IKH: How can churches become a safer place for troubled marriages/divorcees?

EC: This is such an important issue to me.  I believe there are two ideas that the Church must understand and embrace.  One, that domestic abuse is not just a black eye, but that it includes emotional abuse, manipulation, control, etc.  Abuse is not just physical.  And secondly, that there is a huge difference between a regular kind of blah marriage or a normal marriage with everyday problems and a marriage that is abusive or fraught with addiction; and these kinds of marriages should not be treated with the same advice across the board.

Also, women need to be believed.  For the most part, I believe that by the time a woman has come to her church for help, she’s tried everything else to fix her marriage, and that usually, it’s not that she’s exaggerating…she might not even be telling you the full picture because she’s afraid of what you’ll think of her or her husband.  So if she tells you she thinks she’s being mistreated or her husband might have an addiction, take her seriously.

IKH: What is your view of marriage, and has it changed because of your experience?

EC: Ironically, I think my view of marriage has gotten stronger and sharper.  I’m not just a proponent of Christian marriages staying together forever no matter what.  I’m an advocate for Christian marriages to thrive and be beautiful because they are supposed to be examples of the relationship between Christ and the Church. I think we’re selling Christian marriage short, and we shouldn’t be settling for just slogging through it until we die.

IKH: What is the purpose of the book (why did you write it)?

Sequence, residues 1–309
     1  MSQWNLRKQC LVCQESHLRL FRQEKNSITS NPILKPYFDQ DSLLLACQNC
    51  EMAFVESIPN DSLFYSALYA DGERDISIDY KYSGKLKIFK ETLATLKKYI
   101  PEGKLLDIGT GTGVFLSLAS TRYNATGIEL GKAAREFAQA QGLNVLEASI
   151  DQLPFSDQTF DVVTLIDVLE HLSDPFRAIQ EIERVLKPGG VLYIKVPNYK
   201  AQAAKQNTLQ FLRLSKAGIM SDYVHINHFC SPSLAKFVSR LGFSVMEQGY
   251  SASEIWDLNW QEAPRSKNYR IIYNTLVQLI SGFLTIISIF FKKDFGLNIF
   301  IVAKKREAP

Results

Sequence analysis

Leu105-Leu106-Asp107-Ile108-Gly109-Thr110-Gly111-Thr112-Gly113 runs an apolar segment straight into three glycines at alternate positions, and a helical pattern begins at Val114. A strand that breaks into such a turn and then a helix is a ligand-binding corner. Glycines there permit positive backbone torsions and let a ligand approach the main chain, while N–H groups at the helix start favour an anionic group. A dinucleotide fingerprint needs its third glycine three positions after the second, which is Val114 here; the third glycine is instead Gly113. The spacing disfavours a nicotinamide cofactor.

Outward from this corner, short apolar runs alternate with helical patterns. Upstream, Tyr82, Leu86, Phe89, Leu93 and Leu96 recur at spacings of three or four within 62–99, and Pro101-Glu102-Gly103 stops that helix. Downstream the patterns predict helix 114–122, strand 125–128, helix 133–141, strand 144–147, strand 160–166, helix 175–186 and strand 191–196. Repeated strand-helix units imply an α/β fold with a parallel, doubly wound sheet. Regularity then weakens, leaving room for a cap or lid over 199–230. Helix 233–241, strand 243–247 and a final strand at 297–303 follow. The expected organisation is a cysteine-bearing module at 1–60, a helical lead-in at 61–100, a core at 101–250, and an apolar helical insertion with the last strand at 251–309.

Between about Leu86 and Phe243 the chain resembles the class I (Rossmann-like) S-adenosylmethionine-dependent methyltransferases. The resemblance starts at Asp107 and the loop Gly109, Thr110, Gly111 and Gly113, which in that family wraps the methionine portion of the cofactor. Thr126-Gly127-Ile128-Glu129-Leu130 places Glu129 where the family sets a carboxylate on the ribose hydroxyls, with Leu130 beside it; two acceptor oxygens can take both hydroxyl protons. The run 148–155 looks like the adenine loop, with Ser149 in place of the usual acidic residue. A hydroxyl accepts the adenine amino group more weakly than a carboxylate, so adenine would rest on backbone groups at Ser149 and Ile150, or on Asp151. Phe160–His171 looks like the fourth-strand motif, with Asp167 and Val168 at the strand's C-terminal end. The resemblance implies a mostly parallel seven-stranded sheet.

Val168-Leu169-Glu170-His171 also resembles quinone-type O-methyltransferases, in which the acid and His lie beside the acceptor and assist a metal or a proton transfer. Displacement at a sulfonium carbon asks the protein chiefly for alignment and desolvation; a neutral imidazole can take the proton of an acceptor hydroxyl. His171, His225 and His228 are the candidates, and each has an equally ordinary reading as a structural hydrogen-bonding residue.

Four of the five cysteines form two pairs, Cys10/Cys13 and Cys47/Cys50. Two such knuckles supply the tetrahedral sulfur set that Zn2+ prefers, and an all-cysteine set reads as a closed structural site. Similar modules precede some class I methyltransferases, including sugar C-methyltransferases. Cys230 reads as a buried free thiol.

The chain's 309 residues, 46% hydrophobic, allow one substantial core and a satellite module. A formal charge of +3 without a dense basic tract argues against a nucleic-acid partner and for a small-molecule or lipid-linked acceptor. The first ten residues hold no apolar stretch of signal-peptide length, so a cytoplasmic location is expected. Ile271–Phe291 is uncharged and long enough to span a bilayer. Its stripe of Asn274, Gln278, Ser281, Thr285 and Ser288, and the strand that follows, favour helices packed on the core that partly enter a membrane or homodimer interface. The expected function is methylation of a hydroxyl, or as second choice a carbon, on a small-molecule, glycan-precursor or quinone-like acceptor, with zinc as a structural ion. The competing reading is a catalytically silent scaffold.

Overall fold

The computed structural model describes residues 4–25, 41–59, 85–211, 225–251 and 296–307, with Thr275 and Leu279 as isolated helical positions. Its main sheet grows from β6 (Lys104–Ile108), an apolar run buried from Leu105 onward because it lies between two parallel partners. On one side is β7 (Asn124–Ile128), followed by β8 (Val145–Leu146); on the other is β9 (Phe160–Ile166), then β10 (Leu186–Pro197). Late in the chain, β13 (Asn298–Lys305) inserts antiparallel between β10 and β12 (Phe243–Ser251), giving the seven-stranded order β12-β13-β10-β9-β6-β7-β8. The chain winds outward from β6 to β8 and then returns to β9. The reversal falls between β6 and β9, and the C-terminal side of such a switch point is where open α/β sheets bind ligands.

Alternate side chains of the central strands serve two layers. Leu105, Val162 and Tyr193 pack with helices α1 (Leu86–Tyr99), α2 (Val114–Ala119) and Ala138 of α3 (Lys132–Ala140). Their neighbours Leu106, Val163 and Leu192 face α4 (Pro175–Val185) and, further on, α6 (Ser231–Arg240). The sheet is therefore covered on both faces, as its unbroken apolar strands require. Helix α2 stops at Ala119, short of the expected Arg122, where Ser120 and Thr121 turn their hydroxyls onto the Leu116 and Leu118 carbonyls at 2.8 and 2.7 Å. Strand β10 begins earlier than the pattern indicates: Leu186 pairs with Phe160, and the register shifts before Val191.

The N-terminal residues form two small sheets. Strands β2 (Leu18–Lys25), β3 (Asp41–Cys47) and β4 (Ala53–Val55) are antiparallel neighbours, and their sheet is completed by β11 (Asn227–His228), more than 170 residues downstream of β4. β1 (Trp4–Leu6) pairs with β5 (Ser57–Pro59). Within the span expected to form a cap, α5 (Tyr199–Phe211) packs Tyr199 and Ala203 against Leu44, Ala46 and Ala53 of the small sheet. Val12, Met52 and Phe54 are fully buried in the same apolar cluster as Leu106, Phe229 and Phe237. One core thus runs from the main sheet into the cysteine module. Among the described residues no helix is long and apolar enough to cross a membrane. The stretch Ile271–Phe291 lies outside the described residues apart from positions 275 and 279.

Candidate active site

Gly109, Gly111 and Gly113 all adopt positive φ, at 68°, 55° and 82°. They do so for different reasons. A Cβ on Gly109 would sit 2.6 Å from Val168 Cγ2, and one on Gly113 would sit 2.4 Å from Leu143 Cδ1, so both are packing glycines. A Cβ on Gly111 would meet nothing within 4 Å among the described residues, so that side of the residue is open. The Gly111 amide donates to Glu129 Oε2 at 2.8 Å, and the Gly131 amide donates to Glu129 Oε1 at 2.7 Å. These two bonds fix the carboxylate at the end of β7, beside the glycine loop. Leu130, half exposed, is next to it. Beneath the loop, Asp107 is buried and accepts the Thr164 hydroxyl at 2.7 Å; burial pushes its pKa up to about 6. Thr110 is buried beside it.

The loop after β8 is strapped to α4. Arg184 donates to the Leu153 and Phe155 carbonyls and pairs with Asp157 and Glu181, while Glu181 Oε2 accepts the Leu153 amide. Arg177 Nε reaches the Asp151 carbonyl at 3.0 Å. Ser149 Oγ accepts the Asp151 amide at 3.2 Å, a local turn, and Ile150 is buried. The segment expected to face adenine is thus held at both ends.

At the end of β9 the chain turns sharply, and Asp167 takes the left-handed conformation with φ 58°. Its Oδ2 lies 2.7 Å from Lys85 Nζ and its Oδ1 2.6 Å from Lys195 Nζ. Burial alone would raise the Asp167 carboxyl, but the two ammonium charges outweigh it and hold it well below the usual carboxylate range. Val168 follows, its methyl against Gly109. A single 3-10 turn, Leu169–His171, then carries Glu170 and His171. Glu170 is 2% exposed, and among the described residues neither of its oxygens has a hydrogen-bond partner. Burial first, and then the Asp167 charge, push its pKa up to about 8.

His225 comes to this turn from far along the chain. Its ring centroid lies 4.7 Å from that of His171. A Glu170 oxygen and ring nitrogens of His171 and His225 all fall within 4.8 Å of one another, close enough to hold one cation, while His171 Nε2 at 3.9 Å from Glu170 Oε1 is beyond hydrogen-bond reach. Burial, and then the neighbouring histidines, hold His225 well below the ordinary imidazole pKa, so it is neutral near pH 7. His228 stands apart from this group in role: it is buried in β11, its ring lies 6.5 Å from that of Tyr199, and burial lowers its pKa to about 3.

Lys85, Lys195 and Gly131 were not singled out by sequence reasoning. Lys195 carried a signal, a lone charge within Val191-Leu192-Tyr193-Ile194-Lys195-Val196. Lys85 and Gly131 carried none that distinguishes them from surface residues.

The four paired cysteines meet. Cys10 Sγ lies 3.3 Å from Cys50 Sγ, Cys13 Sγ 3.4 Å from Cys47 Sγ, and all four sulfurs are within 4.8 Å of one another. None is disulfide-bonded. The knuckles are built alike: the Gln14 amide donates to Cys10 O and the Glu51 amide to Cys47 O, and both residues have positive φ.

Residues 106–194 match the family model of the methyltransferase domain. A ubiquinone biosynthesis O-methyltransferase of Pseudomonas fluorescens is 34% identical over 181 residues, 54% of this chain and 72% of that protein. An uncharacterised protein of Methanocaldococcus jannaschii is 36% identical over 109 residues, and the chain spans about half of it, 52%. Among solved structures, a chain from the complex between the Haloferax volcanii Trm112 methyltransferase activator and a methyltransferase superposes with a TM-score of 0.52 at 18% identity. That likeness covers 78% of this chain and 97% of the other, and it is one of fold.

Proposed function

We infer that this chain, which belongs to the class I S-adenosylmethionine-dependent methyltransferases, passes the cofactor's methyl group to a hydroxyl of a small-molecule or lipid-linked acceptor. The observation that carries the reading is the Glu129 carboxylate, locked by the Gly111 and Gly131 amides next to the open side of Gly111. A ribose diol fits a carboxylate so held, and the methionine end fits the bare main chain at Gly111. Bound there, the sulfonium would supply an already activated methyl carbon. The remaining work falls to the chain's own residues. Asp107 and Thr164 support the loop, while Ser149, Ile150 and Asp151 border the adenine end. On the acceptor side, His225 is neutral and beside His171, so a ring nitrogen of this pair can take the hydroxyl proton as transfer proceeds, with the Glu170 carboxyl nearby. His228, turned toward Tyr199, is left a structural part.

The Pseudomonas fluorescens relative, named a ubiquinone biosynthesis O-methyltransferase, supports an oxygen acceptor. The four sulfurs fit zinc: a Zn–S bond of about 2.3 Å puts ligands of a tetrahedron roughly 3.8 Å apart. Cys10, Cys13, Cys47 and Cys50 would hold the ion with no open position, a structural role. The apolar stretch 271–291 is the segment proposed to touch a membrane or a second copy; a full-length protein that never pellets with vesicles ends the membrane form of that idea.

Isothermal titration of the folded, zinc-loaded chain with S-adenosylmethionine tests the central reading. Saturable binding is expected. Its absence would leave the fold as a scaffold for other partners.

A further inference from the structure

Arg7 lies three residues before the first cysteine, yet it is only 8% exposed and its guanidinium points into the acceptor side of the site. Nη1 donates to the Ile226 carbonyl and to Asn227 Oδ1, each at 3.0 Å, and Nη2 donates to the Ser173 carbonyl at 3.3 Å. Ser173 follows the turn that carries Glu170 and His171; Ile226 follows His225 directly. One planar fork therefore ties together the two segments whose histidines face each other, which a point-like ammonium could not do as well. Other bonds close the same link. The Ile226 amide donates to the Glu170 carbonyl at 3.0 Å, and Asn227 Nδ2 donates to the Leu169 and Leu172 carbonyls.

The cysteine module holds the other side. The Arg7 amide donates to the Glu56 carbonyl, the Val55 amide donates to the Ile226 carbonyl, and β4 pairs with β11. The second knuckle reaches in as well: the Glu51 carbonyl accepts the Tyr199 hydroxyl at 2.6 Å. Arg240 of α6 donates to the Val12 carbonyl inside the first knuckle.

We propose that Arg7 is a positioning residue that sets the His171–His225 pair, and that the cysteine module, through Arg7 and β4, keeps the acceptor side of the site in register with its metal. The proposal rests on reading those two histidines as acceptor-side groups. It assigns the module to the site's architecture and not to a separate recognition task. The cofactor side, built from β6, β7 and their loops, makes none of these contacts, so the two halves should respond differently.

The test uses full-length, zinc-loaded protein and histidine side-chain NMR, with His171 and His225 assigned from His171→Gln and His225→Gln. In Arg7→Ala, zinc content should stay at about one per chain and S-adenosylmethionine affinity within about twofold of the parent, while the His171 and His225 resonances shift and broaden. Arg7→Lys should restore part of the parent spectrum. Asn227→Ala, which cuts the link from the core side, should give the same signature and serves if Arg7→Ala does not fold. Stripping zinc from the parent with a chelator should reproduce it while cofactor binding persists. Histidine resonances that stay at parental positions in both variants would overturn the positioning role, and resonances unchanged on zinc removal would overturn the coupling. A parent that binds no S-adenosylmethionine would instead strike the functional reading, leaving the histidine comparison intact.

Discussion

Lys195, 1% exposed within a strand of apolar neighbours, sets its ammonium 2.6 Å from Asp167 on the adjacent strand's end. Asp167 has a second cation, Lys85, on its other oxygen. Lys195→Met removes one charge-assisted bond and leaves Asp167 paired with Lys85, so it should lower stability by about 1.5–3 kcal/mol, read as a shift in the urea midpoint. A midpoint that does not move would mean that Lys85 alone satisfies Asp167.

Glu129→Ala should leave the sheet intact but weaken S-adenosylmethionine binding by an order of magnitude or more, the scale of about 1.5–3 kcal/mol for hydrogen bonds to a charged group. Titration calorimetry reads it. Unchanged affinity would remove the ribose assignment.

EC: I wrote this book for every woman who finds herself going through a divorce, either one she initiated or one that has taken her completely by surprise.  I want these women to know that they’re not alone, that there is grace, that they will make it to the other side, that beauty will come from their pain, and that God’s love for them hasn’t stopped.

IKH: How is God restoring you?

EC: There have been sort of two ways that I’ve seen God restore me.  I think he has restored my heart in the ways that you would expect: time alone to cry or watch movies or reading the Bible or journaling or when friends would send me notes or bring me chocolate or whatever.

And I think that God has been restoring my life though by allowing me the seriously great privilege of reaching out to other women who are hurting.  I led a small group of separated and divorced women in my home this summer, going through a book together.  I meet with women one-on-one when they ask me to.  I write on my blog.  I moderate two private Facebook groups for women who are in difficult Christian marriages and who are separated or divorced.  I just went with a friend today who got divorced…prayed with her before, sat with her during, cried with her and hugged her after.  I still can’t believe that he lets me do these things…that he allows me the honor of coming alongside women who have been where I was (where I sometimes still totally am) and says, “Okay, I comforted you…now go pass some of that along…”  It’s been a really beautiful season of my life, in the midst of the hard.  Which is pretty much how God works, when we let him.


1370436_10201930041914958_927578410_nElisabeth Klein Corcoran is the author of Unraveling: Hanging Onto Faith Through the End of a Christian Marriage, along with several other books, who speaks several times a month to women’s groups, and is a member of Redbud Writers’ Guild.

During her time at Christ Community Church’s Blackberry Creek Campus in Aurora, Illinois she began and led their women’s ministry for ten years prior to moving to the city’s Orchard Community Church. She lives with her children in Illinois.

Visit her online at or

She is the moderator of two private Facebook groups: one for women in difficult Christian marriages, and one for Christian women who are separated or divorced.

Email her at if interested in joining.

Unraveling can be purchased at Amazon:

Lilies of the Pond













Thank you, Creator God.

Then God said, “Let the earth sprout vegetation, plants yielding seed,and fruit trees on the earth bearing fruit after their kind with seed in them”; and it was so. The earth brought forth vegetation , plants yielding seed after their kind, and trees bearing fruit with seed in them, after their kind; and God saw that it was good. Genesis 1:11,12


All photos © I.K.Hadinger 2013